Actually if you look at Ibbotson data from 1926 the risk free rate (T bills) is usually small and positive in real terms. Albeit smaller than bonds and smaller still than stocks.
Today it is negative.
But I also agree that naive investors look only at nominal rates and aren't sophisticated enough to think in terms of real rates.
The other day we had a poster hoping for more inflation so that nominal rates on I bonds would go up.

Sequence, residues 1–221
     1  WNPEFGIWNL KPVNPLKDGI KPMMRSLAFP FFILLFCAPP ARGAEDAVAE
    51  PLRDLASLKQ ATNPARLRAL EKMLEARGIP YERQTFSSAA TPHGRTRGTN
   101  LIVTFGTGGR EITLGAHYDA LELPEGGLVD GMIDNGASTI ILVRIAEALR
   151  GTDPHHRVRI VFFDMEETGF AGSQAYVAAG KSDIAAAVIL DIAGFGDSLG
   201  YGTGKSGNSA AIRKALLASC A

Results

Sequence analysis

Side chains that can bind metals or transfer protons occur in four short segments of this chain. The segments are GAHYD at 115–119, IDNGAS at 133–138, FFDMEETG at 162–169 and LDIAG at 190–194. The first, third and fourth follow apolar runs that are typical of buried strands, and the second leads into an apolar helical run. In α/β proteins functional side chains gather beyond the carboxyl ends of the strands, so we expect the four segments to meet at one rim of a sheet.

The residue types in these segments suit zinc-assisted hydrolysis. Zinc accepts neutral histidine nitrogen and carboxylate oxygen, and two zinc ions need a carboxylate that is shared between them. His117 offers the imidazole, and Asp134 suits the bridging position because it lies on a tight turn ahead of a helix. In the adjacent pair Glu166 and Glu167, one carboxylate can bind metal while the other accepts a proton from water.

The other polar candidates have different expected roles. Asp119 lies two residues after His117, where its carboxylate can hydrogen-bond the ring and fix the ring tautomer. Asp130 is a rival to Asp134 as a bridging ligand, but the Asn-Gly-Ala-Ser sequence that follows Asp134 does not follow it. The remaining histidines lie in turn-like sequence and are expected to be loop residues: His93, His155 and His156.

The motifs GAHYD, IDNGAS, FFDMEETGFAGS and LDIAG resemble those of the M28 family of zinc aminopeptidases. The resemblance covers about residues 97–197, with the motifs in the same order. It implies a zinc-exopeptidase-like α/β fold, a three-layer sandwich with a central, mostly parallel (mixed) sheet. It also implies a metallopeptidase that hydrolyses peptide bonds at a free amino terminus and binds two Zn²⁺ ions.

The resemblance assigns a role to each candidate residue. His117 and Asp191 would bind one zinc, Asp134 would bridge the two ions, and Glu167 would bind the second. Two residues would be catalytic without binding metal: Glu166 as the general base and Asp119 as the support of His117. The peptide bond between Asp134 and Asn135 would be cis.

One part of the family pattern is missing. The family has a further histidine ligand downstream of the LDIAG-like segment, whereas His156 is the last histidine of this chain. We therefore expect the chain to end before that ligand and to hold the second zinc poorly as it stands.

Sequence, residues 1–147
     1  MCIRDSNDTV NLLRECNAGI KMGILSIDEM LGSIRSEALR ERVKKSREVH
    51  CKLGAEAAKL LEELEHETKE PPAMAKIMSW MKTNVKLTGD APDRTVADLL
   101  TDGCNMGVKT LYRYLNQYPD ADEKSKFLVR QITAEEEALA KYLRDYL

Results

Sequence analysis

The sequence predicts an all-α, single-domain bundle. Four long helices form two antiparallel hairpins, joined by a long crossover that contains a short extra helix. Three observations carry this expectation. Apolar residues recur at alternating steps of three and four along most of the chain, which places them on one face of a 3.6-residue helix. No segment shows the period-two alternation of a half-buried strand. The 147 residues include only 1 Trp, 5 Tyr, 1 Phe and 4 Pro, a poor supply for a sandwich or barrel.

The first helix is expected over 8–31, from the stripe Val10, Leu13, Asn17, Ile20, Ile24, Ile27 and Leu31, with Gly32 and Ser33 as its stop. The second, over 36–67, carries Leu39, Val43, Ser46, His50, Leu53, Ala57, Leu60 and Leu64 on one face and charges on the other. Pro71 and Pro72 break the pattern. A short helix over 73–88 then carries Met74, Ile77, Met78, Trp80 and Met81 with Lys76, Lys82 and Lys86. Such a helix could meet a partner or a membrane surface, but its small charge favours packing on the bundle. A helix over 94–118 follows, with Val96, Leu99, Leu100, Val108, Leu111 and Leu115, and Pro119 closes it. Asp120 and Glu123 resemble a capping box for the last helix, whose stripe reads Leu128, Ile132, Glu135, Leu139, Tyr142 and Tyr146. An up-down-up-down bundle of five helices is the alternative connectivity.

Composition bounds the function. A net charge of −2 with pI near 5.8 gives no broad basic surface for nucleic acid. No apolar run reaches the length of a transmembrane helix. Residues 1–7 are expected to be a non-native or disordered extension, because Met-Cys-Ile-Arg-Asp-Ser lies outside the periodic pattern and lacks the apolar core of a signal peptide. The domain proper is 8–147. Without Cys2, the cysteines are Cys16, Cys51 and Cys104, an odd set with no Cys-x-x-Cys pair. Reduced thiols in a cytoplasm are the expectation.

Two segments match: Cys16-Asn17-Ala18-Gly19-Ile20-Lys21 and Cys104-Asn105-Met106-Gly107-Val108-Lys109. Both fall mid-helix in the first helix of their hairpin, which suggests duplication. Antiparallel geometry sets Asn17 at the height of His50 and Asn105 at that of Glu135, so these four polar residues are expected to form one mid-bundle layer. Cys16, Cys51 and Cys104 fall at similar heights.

In any case, today we have very low rates in nominal terms and negative in real terms.
So both naive and sophisticated investors are not happy with their fixed investments.
I think you suck it up and remember that the primary purpose of fixed income is not earning the coupon.
It is keeping a part of the portfolio safe and reducing overall portfolio volatility to an acceptable level.